The Future of New England Seafood

Attention shoppers: Finding local sustainable seafood just keeps getting easier

If you’re reading TalkingFish.org, you probably already know how important it is to make sure that the seafood you purchase is from a healthy fishery and was caught in a sustainable manner. But did you know that it’s now easier than ever to buy this sustainable fish at your local supermarket along with your regular grocery shopping?

Earlier this month, Shaw’s Supermarkets announced that it would be working with the Marine Stewardship Council (MSC) and the Gulf of Maine Research Institute (GMRI) to develop a new sustainable seafood sourcing program. Seafood products certified by the MSC will include various wild salmons and other Alaskan, Pacific, and Canadian fish. The MSC is a well-known sustainable seafood certification and ecolabelling program that certifies fisheries across the globe – you’ve probably seen their logo on seafood in stores or read about them in the news. MSC certification is not a perfect process but it is more reliable than no MSC certification.

Look for this seal in supermarkets to be sure that your seafood has been certified by the GMRI Responsibly Harvested branding program

If you want an even better certification for New Englanders, look for the GMRI label. GMRI is a regional nonprofit organization that uses science, education, and community to catalyze solutions to the complex challenges of ocean stewardship and economic growth in the Gulf of Maine bioregion.  Their Gulf of Maine Responsibly Harvested branding program identifies locally caught products that have met their rigorous criteria for responsible harvest. The GMRI-certified seafood products that Shaws will be selling include lobster, northern shrimp, cod, haddock, sea scallops and pollock, and GMRI is working with other supermarkets, including Hannaford, as well as with restaurants in Portland, Maine. This brand is a two-fer: GMRI fish has the benefits of responsible harvest methods coupled with lower transportation costs, which help with reducing greenhouse gas emissions.

This is great news for those of us who care about eating responsibly harvested seafood and about supporting our local fishermen and coastal economies – and of course it’s great news for New England’s fishermen, economies, and environment as well. Seafood traceability – being able to follow your fish along the supply chain from the fisherman who caught it to the place where you purchased it – is essential to ensure that the responsibly harvested fish we buy and eat is in fact harvested responsibly. Seafood certification programs such as those discussed above are a way for consumers to have more confidence in the sustainability of their food sources, and we commend retailers, restaurants, and the nonprofits with which they partner for making certified products available for shoppers and diners.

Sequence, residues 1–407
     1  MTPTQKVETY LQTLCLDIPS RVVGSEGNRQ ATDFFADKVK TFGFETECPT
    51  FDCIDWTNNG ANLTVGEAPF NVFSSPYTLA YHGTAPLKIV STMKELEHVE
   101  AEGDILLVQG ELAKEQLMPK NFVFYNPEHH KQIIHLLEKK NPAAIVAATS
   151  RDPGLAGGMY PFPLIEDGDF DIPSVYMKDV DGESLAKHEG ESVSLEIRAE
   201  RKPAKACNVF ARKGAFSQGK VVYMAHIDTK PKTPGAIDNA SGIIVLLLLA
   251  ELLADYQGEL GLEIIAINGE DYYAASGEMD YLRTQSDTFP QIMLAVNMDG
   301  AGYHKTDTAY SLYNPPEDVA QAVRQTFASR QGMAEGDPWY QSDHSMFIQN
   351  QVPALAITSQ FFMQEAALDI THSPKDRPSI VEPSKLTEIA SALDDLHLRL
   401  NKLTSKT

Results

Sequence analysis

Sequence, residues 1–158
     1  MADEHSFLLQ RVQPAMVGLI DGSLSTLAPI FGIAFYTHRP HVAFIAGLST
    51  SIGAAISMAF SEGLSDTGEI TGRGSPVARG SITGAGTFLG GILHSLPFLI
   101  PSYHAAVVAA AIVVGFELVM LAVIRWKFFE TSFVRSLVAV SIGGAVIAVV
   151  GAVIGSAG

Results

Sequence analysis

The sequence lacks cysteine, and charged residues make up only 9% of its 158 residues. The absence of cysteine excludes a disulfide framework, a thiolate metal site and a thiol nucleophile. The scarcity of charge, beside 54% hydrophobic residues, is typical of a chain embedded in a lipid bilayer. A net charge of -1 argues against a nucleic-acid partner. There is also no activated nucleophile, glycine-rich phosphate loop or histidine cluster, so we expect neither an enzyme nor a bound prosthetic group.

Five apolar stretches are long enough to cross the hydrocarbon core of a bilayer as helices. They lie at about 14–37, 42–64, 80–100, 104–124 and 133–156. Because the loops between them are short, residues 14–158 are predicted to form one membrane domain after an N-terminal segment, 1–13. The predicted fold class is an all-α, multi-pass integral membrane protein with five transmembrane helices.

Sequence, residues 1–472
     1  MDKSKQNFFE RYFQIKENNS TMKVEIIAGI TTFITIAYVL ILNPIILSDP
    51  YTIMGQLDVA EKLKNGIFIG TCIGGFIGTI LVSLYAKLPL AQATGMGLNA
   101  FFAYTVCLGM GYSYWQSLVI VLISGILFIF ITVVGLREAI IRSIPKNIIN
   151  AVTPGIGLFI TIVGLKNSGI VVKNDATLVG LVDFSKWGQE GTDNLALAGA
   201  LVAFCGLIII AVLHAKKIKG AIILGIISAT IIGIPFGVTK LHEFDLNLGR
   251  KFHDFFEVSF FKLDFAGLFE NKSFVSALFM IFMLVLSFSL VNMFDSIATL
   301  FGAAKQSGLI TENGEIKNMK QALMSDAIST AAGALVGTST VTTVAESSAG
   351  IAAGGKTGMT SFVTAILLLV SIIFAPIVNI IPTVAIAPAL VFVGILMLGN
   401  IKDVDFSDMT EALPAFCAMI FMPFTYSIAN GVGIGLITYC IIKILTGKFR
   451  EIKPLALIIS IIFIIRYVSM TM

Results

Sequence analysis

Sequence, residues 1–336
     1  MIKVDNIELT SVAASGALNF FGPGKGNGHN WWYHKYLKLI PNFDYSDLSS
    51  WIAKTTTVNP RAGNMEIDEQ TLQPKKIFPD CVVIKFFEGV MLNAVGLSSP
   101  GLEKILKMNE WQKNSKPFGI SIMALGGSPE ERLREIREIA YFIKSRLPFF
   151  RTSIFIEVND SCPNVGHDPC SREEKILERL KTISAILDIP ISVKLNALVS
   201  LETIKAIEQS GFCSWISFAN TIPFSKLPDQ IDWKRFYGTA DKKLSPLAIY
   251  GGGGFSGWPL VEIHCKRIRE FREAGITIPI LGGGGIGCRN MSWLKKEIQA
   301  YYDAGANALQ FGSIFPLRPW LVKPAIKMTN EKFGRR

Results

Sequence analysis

Consumers who are ready to take the traceability of their seafood to the next level should check out local community supported fisheries (CSFs), in which CSF members pay fishermen in advance of the season and then receive a weekly share of seafood throughout the season, and websites like sea2table.com and traceandtrust.com that allow consumers to find local restaurants serving fresh-caught seafood or to trace their purchased fish straight back to the boat and fisherman who caught it.


Comments

One Response to Attention shoppers: Finding local sustainable seafood just keeps getting easier

  • Gib Brogan says:

    While I respect your opinion on these two options for labeling seafood, I have to disagree.

    The MSC has a long list of issues related to the MSC’s sustainability claims that have been debated since its inception. There is an even longer list of fisheries that have been certified under questionable circumstances despite significant conservation and management issues.

    Even more questionable than the weak standards of the MSC program is the new program from GMRI that seems to have no meaningful standards other than vouching that the fish was caught in the ‘Gulf of Maine Region’ that includes all of the Gulf of Maine as well as Georges Bank. By their standards, if a fishery is managed, it is eligible for labeling and, conveniently, to pay GMRI its royalty for the label.

    For reference, here are their standards:

    Fisheries are managed by competent authorities and have management plans in place that incorporate a science-based approach to ensure sustainability.

    If stock sizes are below management target levels, whether due to natural or man-made causes, management plans are established that enable rebuilding within a specified time frame.

    Sufficient data exists to determine harvest levels.

    Monitoring and compliance measures are in place to ensure acceptable harvest levels.

    Enforcement exists to ensure that harvesters follow regulations, and to prevent illegal practices and unreported harvest.

    Can anyone think of an MSA-managed fishery that would not satisfy these standards?

    If everything can be certified, what is the value of the label? Other than straight marketing?

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